So, after my digression I headed off to Drum Hill walking all the way along Moor Road to the back of the campsite. My intention was to photograph an old gate that sported a hand carved Scout sign. I thought it would make a good image for the cover of the book. I walked and walked and walked and walked. I reached the gate post but no old gate was to be seen. Undaunted I clambered up through the woods in my old hiking boots (one can take nostalgia too far as I was to find out via my later aching feet). Feeling my teenage memories flooding back I was on a high as I finally reached the middle of the campsite and began taking photos and a bit of video. Below is a two minute video of my visual journey at Drum Hill.

The imaginary scent of wood smoke was instantly in my head and the very altar fire on which I cooked my very first proper meal (beef stew and dumplings) was still there right in front of me. I was cooking for my Scout Camp Cook badge. Cast aside any thoughts of a camper than camp Kenneth Williams type flapping vapidly over the flames. This was manly stuff and I was very proud of my outdoor endeavours. The other boys dumplings (stop it!) were all stuck to their hands. I somehow knew to roll mine in flour. Suddenly I had found something I was good at that was practical and useful!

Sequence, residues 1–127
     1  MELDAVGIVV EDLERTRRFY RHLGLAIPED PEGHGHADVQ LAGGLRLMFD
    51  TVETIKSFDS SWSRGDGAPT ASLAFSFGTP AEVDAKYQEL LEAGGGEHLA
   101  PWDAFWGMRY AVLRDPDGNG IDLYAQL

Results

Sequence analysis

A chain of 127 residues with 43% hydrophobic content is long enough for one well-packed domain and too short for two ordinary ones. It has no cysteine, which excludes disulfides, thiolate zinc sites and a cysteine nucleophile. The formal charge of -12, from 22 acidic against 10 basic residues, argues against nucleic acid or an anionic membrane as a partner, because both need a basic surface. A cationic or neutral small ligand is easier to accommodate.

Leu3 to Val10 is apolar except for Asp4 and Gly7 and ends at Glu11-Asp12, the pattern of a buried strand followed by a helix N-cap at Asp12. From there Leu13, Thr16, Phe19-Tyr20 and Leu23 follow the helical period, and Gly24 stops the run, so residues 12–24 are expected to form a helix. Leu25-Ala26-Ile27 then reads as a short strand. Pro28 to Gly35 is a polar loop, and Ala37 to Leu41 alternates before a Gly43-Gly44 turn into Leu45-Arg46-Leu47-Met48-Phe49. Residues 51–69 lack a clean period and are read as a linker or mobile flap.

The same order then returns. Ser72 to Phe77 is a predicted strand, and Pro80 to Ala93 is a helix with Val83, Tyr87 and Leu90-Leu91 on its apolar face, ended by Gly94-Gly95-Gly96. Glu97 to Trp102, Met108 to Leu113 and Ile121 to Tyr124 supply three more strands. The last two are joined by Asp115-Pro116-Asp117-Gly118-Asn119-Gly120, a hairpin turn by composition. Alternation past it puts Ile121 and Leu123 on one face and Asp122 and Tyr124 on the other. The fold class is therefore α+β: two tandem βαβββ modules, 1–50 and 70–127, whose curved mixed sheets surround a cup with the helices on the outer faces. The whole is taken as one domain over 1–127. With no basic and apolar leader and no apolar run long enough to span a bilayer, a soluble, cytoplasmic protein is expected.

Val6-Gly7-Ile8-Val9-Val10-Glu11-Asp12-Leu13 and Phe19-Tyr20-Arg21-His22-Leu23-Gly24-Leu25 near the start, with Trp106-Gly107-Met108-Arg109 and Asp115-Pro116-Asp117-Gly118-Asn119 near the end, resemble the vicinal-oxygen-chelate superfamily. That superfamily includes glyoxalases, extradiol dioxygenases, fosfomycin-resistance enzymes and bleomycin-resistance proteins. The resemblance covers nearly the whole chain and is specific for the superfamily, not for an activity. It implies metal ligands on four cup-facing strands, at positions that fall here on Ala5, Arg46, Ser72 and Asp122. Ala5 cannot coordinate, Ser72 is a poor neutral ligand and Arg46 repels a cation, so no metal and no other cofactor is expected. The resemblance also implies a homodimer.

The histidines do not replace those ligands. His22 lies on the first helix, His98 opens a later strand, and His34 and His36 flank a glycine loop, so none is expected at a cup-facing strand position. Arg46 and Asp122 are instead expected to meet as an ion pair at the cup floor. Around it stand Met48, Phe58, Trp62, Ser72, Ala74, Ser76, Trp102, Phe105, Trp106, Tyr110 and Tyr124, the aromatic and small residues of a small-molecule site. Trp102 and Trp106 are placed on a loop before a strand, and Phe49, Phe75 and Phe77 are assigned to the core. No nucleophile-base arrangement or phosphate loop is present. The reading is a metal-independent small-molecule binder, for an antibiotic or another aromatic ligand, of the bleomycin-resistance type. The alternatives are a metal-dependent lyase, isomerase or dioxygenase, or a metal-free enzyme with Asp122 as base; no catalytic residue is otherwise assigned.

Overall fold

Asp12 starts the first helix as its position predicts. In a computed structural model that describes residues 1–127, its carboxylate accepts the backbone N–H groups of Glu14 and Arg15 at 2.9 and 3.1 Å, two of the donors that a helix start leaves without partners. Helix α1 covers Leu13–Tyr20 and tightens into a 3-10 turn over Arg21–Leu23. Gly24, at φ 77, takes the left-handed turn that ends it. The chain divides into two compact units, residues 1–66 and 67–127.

So back to Monday. I spent some time at the campsite wandering from beech wooded enclave to mid field water facility and the trig point which holds a focal memory for camping excursions to the site but no practical application in my own experience. I did however remember dock leaves and how we Scouts rubbed them on our nettle stung legs to ease the throbbing pain after getting stung.

Via Morley Lane I chatted to some young cows and revelled in the good weather. If I had a penny for the amount of times in my young life that I must have hiked up and down Morley Lane I would have at least... I was never too hot at maths.

On the way back home through Little Eaton I popped into Barry Fitch's butchers shop to say "hello" and grab a hot Cornish pasty.

The next day I was going through an old photo album and found a picture of the old gate. Here it is in all its nostalgic glory. "Campfires burning, Campfires burning, draw nearer, draw nearer..."